Ha! I can't believe I didn't google for that. Interesting. We are observing sleepy babies!
Posted by: La Texican

Re: Your perception of other same age kids? - 02/18/12 08:23 PM

I finally got a chance to go look at the link. -

Cues are ways your baby is telling you what he or she wants.  Many of these cues are nonverbal but may lead to crying when not attended to.  
Yup.

See:  Babies can best follow faces and objects with their eyes and head at a distance of eight-12 inches away.  They respond to contrasting colors and human faces.

Funny.  I keep seeing posts that people are being told that's unusual.

Ps.

Drowsy:

In this state, your baby has smooth body movements and mild startles.  The eyes may open and close and appear heavy lidded, dull, and glazed.  Before interacting, wait to see if your baby will stay asleep or wake up.  To wake up your baby in this drowsy period, give your baby something to see or hear.

You forgot the word Word Heading Drowsy.   It helps when reading for context.  It doesn't say ND kids have glazed eyes.  It says drowsy kids have droopy glazed eyes.  My kids eyes get like that if they're exhausted or sick.  Which leads back to the comment that ND kids look sleepy all the time.  I guess I just don't see it.  Are you talking about kids you know or strangers at the market?

I'm adding "handbag kid" to my collection, along with, "potted plant kid".  A potted plant baby is the opposite of how mine was, who my grandmother nicknamed "Vel" which was short for Velcro.



 I've got my own judgemental-ness about other people's kids.  I used to think they were very skillfully faking it that they were incapable, but that was when I was a kid.  I don't think about the kids now.  That same thought happens about other adults now, even though I really know they're not faking that they can't do stuff, I still get the feeling they're faking it.

If I offended unjustly it was not mean-spiritedly.  I really do find life in general that funny.  
Posted by: deacongirl

Re: Your perception of other same age kids? - 02/18/12 08:27 PM

Originally Posted By: annette
In this thread, I don't need to apologize, because my statement should not have been offensive to anyone with a decent vocabulary. Infants do have glazed eyes. I think it's perfectly acceptable to comment on typical development because typical development is perfectly acceptable.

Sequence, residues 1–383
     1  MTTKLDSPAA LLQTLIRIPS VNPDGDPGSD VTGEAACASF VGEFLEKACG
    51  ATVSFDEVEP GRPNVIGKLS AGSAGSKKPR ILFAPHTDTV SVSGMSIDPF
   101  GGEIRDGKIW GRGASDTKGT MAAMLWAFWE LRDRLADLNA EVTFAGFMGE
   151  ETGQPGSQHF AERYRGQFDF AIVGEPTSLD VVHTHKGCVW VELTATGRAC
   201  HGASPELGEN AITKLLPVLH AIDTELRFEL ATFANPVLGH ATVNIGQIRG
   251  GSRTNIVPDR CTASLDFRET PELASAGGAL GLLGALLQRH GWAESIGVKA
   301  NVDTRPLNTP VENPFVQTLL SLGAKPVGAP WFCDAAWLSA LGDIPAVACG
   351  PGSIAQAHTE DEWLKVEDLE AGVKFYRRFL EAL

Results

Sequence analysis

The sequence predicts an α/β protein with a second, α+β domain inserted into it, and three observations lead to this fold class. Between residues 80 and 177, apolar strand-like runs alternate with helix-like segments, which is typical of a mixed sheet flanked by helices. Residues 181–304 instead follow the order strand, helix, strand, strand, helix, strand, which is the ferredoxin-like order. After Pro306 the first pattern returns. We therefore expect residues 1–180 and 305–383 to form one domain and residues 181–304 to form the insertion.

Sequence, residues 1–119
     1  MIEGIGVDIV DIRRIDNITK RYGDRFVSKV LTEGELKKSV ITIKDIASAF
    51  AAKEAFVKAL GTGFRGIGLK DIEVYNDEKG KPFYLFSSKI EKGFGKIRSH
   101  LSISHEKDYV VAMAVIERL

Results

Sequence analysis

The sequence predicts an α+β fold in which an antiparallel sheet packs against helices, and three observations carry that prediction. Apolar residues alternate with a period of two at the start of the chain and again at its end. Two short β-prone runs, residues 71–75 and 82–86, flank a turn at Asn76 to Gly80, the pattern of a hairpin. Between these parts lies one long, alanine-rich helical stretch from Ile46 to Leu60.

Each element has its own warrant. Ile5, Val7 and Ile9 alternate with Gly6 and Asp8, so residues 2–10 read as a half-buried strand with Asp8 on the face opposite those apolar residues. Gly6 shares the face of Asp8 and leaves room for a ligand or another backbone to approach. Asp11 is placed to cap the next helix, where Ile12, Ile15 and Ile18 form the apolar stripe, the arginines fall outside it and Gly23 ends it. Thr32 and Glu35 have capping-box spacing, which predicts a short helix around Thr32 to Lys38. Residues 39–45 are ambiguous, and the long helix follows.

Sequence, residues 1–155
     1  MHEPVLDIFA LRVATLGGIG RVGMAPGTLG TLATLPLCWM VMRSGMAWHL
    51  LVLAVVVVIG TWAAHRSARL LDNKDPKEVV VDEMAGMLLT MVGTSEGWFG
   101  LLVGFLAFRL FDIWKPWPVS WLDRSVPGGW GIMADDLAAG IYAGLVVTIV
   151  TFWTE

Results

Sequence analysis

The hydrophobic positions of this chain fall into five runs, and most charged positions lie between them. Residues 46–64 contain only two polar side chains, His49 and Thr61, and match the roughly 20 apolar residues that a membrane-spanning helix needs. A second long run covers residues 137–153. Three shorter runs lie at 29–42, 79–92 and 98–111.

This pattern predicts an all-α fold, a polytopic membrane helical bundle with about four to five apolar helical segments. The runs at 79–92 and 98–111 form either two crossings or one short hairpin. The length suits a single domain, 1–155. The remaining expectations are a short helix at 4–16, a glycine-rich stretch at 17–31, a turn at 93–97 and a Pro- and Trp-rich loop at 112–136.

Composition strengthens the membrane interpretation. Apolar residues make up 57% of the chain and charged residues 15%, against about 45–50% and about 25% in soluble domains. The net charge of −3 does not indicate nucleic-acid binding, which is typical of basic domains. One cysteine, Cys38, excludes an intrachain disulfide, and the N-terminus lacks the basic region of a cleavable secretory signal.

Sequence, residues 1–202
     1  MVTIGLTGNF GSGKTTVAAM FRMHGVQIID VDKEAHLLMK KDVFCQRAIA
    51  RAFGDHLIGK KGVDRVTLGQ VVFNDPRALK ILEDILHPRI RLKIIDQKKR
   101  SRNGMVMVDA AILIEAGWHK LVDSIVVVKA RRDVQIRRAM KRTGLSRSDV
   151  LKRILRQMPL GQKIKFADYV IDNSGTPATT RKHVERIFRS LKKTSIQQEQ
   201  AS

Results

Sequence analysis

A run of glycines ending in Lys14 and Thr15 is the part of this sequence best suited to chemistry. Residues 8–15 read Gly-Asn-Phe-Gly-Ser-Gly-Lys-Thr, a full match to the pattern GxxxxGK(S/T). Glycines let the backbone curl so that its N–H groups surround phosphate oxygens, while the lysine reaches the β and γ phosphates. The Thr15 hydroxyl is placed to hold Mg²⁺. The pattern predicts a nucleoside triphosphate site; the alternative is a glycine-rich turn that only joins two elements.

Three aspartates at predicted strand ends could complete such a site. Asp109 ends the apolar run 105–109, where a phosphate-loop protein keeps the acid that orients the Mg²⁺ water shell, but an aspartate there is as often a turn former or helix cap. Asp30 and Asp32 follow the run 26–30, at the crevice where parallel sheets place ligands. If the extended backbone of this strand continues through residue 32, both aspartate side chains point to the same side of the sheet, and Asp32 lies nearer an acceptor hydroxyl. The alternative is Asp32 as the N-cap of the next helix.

Was it really necessary to make a bunch of posters feel bad about their posts? I don't think it was. I think it was mean-spirited and insulting. If the complaint itself had been polite, sensitive and non-judgmental, then I wouldn't have responded. What can I say? Hypocrisy irritates me.


Aaaaand...it isn't mean-spirited and insulting to say that anyone with a decent vocabulary wouldn't have been offended? That is polite and sensitive? Allrighty then.
Posted by: deacongirl

Re: Your perception of other same age kids? - 02/18/12 08:29 PM

Originally Posted By: annette
Originally Posted By: annette
I think it was mean-spirited and insulting.


Rethinking this statement, which I admit was very judgmental.
Hah. My own hypocrisy irritates me too. ;P



oops, didn't see this post. I like rethinking things--it is good modeling for the little ones.
Posted by: Val

Re: Your perception of other same age kids? - 02/18/12 08:39 PM

Originally Posted By: La Texican
Drowsy:

In this state, your baby has smooth body movements and mild startles.  The eyes may open and close and appear heavy lidded, dull, and glazed.

You forgot the word Word Heading Drowsy.   It helps when reading for context.  It doesn't say ND kids have glazed eyes.  It says drowsy kids have droopy glazed eyes.  My kids eyes get like that if they're exhausted or sick.  Which leads back to the comment that ND kids look sleepy all the time.